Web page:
A critic once told me- don’t write anything, if you don’t have anything genuine to tell.
This scares me. On occasion, I am called to write for, or speak to, young people. That is when this fear becomes acute. Because the rule is- be inspiring. Anyone can do anything, and be anything. That is the millennial manthra. Why not? Paulo Coelo has said that the universe will conspire to give you what you want, as long as you want it badly enough. Universe is Santa Claus.
I did not want to stop talking to, or writing for, the youth. Who would pass up an opportunity to be a genuine Guru, even for a day? Throwing gyan, like rice flakes before the doves? Oh- that smug feeling, that one gets, from believing, however incorrectly, that you are the heavenly gift that mankind badly needs. Who would want to waste the opportunity to corrupt- sorry, enrich, young minds?
But, I have a problem.
A lifetime of seeking truth, and trying to overcome one’s biases, has given me the ‘feeling’ that I get ‘reality’. Not really. No one can. Still, I fancy that I can do it better than many. It could be an illusion.
But clarity is a handicap.
Here- let me show you with a story. A few years ago, a young resident asked me some advice. It was regarding his future prospects. I gave him, what I believed to be, accurate information and a few suggestions. Suddenly, he said:
“Sir- you are a pessimist!”
I was taken aback. “But I am only being realistic!” I protested.
Then he said:
“Sir- to be a realist is to be a pessimist.”
Don’t you see? Dont you get it? This is my problem.
Having this grave terminal disease of realism constrains me. It prevents me from asking you to sweat for 20 hours a day for forty years, just so that you can achieve name, fame and happiness.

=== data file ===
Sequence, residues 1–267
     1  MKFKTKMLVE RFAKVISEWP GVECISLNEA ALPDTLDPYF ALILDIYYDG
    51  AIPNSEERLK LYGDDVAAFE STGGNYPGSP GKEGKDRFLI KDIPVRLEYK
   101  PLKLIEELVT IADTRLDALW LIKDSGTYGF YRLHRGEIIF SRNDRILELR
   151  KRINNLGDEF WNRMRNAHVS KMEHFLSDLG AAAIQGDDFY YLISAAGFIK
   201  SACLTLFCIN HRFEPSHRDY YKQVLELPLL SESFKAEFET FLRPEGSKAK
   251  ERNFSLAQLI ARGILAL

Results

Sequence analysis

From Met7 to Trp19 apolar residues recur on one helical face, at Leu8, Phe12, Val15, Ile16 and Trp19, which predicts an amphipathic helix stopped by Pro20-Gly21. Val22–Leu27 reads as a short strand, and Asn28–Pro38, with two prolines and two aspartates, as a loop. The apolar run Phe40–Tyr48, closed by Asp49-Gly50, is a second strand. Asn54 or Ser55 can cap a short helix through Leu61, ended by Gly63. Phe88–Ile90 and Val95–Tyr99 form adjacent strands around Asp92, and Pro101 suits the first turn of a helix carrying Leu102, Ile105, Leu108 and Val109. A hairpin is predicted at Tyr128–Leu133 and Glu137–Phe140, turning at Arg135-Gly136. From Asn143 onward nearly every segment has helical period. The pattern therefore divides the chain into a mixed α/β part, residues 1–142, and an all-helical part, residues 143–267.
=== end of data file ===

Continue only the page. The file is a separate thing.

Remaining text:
Because it is not that easy. Name and fame- yes. But happiness?
You see- I have written a book called “Health and Happiness without Bullshit”. For that, I researched a bit about Happiness. And I found that happiness is no easy thing.
When are you happy? When your rewards exceed expectations. When you are the biggest Cardiac surgeon in South India, you expect everyone to treat you like a big shot. You expect bigwigs, like ministers, to come to you. But because you are used to it, you are not particularly happy about it.
But if you are not looked up to like a hot shot, and if big shots don’t come to you, you are immediately unhappy. Look at the trap you have fallen into, by becoming a sought after Cardiac Surgeon.
There is another thing about Happiness- It depends on comparison. Comparing yourself with others.
If you live in an apartment building, where everyone goes about in decade old scooties, and you are the only one with a Maruthi Alto- ah! You are happy! – and prosperous. But what if you are suddenly forced to live in the same street, where the Ambanis and the Birlas reside- God!- with your miserable alto- you feel dead!
My point is – overcoming this vicious treadmill is not easy. But that is what I want to teach you.
Now you realize that I am the next big Guru.